I hasten to say, the distinction does not have to do with what a person is called. Many volunteers are indeed ministers. And perhaps only God can make the distinction accurately.
Nor is one bad and one good. Volunteerism and ministry are both good. They are just different. Just as there is a difference between charitable giving and financial stewardship. Both good—but not the same.
Volunteering is often motivated by the desire to do good. It can be undertaken in order to make good use of one’s time or to make a difference in one’s community or to counteract loneliness. Sometimes people volunteer to make themselves more employable. And all of it is to the good.
Ministering may be undertaking the very same tasks, even for some of the same reasons, except for those ministering, God is definitely in the equation. Ministering is part of our stewardship of time and talent. It is an offering to God in thanksgiving for all our many blessings, even to the essential gift of Ruach, God’s breath of life and Spirit, by which we live. And it is a way we, as Christians, walk the way of Jesus in our day to day lives.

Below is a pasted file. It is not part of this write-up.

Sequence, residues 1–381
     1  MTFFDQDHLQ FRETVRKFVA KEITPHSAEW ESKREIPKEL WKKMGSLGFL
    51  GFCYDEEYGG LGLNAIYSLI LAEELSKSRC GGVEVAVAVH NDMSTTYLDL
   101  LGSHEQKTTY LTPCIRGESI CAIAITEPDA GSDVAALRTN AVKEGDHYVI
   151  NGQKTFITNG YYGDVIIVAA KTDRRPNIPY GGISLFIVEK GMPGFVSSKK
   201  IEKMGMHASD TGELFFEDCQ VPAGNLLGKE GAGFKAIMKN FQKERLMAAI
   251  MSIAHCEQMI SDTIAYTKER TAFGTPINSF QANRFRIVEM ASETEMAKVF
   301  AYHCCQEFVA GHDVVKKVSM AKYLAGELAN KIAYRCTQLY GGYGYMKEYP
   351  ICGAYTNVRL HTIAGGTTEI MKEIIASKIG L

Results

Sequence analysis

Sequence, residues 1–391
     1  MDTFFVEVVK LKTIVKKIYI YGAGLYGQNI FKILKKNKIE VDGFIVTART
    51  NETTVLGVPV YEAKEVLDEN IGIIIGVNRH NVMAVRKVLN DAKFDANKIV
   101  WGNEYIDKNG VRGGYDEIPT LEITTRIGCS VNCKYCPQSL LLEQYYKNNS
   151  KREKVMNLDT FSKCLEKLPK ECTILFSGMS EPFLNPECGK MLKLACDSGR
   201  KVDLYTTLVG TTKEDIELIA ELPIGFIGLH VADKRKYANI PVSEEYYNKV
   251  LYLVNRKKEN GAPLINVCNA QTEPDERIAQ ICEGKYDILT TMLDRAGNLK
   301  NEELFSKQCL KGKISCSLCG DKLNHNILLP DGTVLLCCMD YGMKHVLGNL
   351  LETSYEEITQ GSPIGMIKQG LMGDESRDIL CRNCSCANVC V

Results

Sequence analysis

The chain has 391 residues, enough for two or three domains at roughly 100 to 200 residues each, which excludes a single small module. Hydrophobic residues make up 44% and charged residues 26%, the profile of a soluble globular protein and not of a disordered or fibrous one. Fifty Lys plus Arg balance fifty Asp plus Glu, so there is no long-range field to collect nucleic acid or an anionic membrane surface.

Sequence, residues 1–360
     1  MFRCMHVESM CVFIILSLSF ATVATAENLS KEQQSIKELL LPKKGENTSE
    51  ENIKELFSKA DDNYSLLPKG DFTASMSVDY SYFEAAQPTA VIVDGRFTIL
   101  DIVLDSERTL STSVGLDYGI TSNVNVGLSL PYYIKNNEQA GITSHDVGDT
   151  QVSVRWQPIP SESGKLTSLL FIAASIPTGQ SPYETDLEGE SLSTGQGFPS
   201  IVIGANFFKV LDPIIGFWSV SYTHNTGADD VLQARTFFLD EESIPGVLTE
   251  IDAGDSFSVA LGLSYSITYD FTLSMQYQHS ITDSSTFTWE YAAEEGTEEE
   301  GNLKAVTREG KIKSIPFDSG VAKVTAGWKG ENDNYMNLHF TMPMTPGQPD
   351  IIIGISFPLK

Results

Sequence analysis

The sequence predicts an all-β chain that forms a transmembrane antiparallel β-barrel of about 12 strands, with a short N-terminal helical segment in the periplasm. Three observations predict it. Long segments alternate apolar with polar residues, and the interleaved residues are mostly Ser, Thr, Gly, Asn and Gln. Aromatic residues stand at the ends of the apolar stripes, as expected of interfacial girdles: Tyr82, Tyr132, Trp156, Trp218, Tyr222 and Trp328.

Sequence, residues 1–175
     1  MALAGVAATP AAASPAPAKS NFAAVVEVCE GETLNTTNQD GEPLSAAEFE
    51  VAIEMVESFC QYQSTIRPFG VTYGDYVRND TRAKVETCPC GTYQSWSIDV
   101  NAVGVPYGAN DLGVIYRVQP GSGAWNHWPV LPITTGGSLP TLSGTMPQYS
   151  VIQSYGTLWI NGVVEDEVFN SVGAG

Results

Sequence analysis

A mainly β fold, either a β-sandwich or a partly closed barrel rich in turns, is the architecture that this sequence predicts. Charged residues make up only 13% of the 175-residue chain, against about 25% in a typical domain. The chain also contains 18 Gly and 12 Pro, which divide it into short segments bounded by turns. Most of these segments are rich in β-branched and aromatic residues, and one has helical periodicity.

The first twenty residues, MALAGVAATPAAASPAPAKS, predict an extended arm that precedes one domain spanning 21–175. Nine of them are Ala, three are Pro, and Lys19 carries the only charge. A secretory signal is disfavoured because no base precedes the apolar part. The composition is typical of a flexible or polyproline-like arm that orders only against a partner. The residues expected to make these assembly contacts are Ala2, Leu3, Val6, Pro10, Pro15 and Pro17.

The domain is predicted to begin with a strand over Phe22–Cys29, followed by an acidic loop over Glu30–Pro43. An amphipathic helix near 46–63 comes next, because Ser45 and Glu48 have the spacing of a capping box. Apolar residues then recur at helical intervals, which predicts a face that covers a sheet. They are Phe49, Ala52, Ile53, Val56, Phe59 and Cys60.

If you think that ministry is the provenance only of the ordained, you are wrong. Ministry is the provenance of all the people of God, and especially of the laity in the world. Ordained ministry is to serve the people of God within the structure of the church to nourish, bless, encourage and enable the ministry of the laity whose charge is no less than tikkun ha olam, the healing of the world in Christ’s name, in big matters and in small, day by day. That’s the journey we take together following Christ as Lord and Savior.
May Christ bless us as companions on the way! Alleluia!